A “mix of chaos and stillness”, John hits Toronto’s Berkeley Street Theatre
The buzz in the audience as I waited for The Company Theatre’s production of John to begin at the Berkeley Street Theatre was, “Did you know it’s over three hours?” and “Did you see how long it is?” Indeed, John is a long play. But don’t let yourself get hung up on the length. It’s worth the time.In John, by Pulitzer Prize winning playwright Annie Baker, Jenny (Loretta Yu) and Elias (Phillip Riccio), a young couple whose relationship has hit a rough patch, spend a few days at a bed and breakfast in Gettysburg, the site of a major battle in the US Civil War. The inn is run by Mertis (Nancy Beatty), a dotty older woman shuffling around in red fuzzy slippers and a fanny pack. Her blind and—by her own admission—possibly insane friend Genevieve (Nora McLellan) comes to visit several times during the course of the couple’s stay.
Sounds like simple enough premise. But John is definitely not a simple play. There are multiple themes and nuances which unfold slowly, quietly, almost mysteriously. There are elements of the supernatural. Genevieve believes the inn is haunted, and there are Christmas lights and a player piano that unexpectedly turn on and off.
There is a more traditional relationship drama. Elias is unable to believe that Jenny is being honest with him. There are issues of loneliness, mental illness and betrayal. But there are also discussions of mystical transcendence and infinite possibility and a surprising amount of laugh-out-loud humour. It’s a lot to take in.
The myriad and somewhat confusing themes are echoed in the set which shows the B&B’s cluttered living room and dining area. Every surface area is crammed with figurines, dolls, stuffed animals and knick-knacks. I didn’t know where to look first and kept noticing more and more details as the evening progressed. In fact, the objects and the house became almost a fifth character in the play. Jenny, for one, believes that objects are watching and judging her.
Nancy Beatty, as Mertis, gave my favourite performance of the night. Although she seemed sweet and somewhat batty at first, Beatty slowly revealed a deep and thoughtful inner world with a rich capacity for beauty. Her moving recitation of the different names for groups of birds almost had me weeping.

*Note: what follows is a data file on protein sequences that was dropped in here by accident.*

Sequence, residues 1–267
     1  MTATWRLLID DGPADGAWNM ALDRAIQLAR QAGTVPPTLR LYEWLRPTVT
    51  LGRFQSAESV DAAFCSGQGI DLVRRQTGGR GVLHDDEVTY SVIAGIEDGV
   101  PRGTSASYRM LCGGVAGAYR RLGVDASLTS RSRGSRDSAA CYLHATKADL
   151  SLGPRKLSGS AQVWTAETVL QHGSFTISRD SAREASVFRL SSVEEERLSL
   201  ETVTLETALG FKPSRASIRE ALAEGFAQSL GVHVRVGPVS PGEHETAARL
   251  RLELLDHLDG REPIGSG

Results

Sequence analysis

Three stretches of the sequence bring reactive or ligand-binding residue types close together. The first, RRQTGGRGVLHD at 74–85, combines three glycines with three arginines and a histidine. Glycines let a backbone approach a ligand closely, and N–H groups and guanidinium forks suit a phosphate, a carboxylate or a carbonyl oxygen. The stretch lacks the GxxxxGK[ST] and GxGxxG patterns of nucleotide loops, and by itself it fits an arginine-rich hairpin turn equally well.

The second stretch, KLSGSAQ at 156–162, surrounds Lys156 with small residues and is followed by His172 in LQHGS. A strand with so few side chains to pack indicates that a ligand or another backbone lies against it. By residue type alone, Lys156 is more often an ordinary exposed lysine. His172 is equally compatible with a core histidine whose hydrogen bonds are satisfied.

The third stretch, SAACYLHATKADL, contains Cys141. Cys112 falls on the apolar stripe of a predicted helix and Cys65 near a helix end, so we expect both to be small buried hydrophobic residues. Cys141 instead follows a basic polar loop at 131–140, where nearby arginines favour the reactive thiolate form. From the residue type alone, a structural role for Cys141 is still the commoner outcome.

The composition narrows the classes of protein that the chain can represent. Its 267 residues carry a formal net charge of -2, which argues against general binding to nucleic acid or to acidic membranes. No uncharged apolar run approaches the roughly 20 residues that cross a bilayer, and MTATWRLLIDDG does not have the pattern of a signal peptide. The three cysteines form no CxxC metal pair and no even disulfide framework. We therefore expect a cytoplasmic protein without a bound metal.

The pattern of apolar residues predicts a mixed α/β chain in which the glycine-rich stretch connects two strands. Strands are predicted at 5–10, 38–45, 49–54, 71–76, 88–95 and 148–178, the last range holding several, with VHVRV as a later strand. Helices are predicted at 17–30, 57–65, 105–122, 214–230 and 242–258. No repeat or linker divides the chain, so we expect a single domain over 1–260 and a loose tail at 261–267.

Nora McLellan’s Genevieve was also a highlight. Her brusque and blunt manner was both very funny and heartbreaking. Whether she was describing a psychotic episode or explaining why it would be awful to be a doll, she spoke an unvarnished truth.
John is a strange mix of both chaos and stillness. There are long stretches of silence. Other times three different pieces of music are playing at once. There are periods when the stage is empty of activity or actors, while still being full of objects vying for your attention. The dialogue is very natural and realistic which contrasts with some of the wacky things being discussed.
And a lot is left unsaid which sometimes left me wishing for more explanation. There was so much going on, I sometimes felt lost
Yet even after more than three hours, I wasn’t bored. And the next day, I am still thinking about John, happily remembering bits of dialogue or bits of the set. Those three hours have stuck with me and were a great way to spend the evening.
- John is playing from January 29 – February 19 at the Berkeley Street Theatre-Upstairs (26 Berkeley Street)
- See website for dates and showtimes
- Ticket prices range from $20-$40 and are available online or by calling 416-368-3110
Photo of Nancy Beatty, Phillip Riccio, and Nora McLellan by Dahlia Katz.
One thought on “Review: John (The Company Theatre)”
Seriously how can you recommend this show? The pacing and blocking need some major rework. The story line has multiple levels but they lead nowhere. The pace was unnecessarily slow and this show could have been finished in an hour if they had delivered it at a reasonable pace. The characters did not seem to serve a purpose and topics were introduced that just left you hanging. It appeared to be a self indulgent play with no real story to tell.
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